This film flips the script. It’s about how, in the nick of time, a critical mass of humanity in the largest economy on earth came to believe that we were actually worth saving. Because, as Ocasio-Cortez says in the film, our future has not been written yet, and “we can be whatever we have the courage to see.”
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Read the article from Naomi Klein here.
Future II is here.
Changing the Rules - Jojo Mehta in conversation with Jonathon Porritt
Jojo Mehta, co-founder of the Stop Ecocide campaign, in conversation with renowned veteran environmentalist and author Jonathon Porritt (whose new book Hope in Hell comes out this month) on World Environment Day 2020. Jonathon brings the wisdom and understanding of decades addressing the environmental and climate crisis at NGO and government level, while Jojo has applied her activism, communication and leadership experience to growing the legacy of her long-term working partner and friend, the visionary lawyer the late Polly Higgins. From criminal law to state policy to everyday action, this is a frank yet fundamentally optimistic dialogue on the rules we must change to address - and transform - the world we face. Find out more about Stop Ecocide here.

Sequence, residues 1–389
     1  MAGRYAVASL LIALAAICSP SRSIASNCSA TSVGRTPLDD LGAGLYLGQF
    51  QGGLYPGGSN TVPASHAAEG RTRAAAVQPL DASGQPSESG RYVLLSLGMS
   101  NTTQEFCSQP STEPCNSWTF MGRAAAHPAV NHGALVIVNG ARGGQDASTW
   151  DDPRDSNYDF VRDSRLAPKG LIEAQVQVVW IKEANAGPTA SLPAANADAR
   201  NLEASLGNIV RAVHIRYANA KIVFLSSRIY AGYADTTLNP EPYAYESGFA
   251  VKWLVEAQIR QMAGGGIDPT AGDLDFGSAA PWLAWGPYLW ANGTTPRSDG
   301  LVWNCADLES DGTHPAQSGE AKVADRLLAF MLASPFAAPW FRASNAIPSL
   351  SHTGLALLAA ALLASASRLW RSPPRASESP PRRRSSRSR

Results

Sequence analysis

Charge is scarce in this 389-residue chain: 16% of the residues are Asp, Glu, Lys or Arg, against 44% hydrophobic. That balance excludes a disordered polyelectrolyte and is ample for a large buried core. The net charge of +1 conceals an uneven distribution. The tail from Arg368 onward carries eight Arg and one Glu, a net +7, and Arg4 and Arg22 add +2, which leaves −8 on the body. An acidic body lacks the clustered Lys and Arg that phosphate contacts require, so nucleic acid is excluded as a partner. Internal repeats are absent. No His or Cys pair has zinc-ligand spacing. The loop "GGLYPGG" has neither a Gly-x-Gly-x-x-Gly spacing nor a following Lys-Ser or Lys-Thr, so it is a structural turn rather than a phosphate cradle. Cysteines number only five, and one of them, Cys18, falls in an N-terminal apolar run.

System transformation begins with the critical task of mapping key leverage points for change. Discover how two organisations have approached this complex task in an effort to improve environmental and health care outcomes -- and their bottom lines. Explore how Nike is differentiating itself from its competitors by moving steadily toward the goal of eliminating hazardous chemical discharge from its supply chain by 2020. And learn how Health Care Without Harm has developed tools and strategies to transform the health care industry by mapping and building a collaborative network of 450 organisations in 52 countries.
Speaker SARAH SEVERN Senior Director, Stakeholder Mobilization Nike, Inc. Speaker MARSHALL CLEMENS Principal Idiagram Moderator JOHN ELKINGTON Founder and Executive Chairman Volans Ventures Ltd Author and Speaker GARY COHEN Co-Founder and President Health Care Without Harm.
The Skoll World Forum on Social Entrepreneurship accelerates the impact of the world's leading social entrepreneurs by uniting them with essential partners in a collaborative pursuit of learning, leverage, and large scale social change.
Posted June 14th, 2014
Future of Sustainability 2020: How can we harness the radical disruption presented by the COVID-19 crisis to drive a truly sustainable, just and resilient future?
This webinar took place on 8 July 2020.